Junk bond funds are continuing their winning ways in 2010 while popular stock averages have only minor gains, if any. Bond defaults, which can be a major problem in difficult times, have been limited and low interest rates have made using borrowed funds to increase bond holdings very profitable by increasing net investment income. Record low rates on Treasury debt has encouraged investors to look for higher yields creating more demand for junk bond funds. But all is not well.
During difficult times, yields on junk bond funds soar creating problems for junk bond funds. Higher yields bring lower prices for junk bonds in their portfolios. Interest expense on borrowed funds soars, squeezing net investment income for stockholders. Basically the world for junk bond funds pretty much collapses as it did around 1990 and in 2000.
Low interest rates, as is the case now, sound good but bring new problems. The positive carry from lower borrowing costs for financing bond investments is favorable. However when bonds mature (or are redeemed early), that money is reinvested in new bonds with lower rates reducing stockholder income. As a result, dividend cuts have been common at junk bond funds in the last year. However, stock prices have been rising reducing stockholder yields. 8-10% yields on junk bond funds are common. Because of extraordinarily low yields on the 10 year Treasury bond, the yield spread (difference) between the Treasury and junk bond yields is roughly 6-700 basis points, above a yield spread of around 450 basis points in good periods for junk bonds. Because this spread is much greater than at its narrowest, glory days for junk bonds may continue for some time.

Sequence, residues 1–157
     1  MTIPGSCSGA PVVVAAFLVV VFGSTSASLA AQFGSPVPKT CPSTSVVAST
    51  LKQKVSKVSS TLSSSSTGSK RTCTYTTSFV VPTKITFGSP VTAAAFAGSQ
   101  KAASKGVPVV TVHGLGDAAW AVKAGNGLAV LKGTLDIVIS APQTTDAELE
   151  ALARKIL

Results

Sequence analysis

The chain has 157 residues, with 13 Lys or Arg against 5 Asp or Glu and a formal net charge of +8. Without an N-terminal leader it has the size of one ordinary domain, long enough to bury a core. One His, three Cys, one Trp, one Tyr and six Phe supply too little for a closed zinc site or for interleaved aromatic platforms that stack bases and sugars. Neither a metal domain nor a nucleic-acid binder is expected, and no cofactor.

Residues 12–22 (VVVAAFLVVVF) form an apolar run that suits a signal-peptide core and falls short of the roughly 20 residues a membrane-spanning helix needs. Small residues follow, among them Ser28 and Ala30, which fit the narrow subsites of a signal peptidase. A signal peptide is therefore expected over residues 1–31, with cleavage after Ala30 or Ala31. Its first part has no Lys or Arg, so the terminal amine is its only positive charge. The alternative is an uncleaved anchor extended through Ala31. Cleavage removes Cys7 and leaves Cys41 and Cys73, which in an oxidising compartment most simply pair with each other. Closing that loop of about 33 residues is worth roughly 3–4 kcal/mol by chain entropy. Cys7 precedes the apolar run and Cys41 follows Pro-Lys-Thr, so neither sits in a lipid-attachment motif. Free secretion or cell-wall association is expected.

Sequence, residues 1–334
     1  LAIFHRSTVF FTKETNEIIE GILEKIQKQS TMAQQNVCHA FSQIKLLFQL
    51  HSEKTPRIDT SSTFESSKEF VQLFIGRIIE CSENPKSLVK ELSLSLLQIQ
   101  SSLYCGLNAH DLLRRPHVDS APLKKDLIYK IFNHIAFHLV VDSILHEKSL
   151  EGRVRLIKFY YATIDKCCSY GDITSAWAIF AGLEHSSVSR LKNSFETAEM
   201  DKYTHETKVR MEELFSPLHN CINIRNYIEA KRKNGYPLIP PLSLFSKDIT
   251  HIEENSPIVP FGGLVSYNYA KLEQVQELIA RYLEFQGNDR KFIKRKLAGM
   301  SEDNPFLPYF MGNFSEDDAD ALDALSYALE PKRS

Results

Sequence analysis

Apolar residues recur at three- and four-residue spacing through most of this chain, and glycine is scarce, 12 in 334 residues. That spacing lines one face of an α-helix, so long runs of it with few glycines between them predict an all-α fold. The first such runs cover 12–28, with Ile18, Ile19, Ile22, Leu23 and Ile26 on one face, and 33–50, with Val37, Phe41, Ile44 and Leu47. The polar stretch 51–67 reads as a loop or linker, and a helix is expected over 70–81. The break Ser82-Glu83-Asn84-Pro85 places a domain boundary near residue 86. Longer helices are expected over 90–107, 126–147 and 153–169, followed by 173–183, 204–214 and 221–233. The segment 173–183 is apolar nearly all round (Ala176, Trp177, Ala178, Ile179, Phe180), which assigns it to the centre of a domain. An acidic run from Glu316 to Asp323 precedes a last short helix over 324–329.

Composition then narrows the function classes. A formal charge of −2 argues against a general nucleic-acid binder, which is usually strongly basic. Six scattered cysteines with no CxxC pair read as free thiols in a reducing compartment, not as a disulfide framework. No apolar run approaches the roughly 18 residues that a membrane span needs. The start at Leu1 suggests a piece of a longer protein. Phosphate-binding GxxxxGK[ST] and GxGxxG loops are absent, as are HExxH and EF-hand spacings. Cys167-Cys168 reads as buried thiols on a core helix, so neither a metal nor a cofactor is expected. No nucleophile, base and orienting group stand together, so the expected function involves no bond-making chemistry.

In the middle of the 1990s and middle of this decade junk bond funds did well with yields around 8-9%. So present conditions could last for a considerable amount of time. But risk persists. When the economy recovers, higher interest rates will change junk bond fundamentals for the worse. Investors will demand higher yields and bond prices will fall. Net investment income will be compressed when interest expense on borrowed funds increases. But for the time being, low short term rates will keep demand strong for junk bonds and their funds.
Disclosure: No position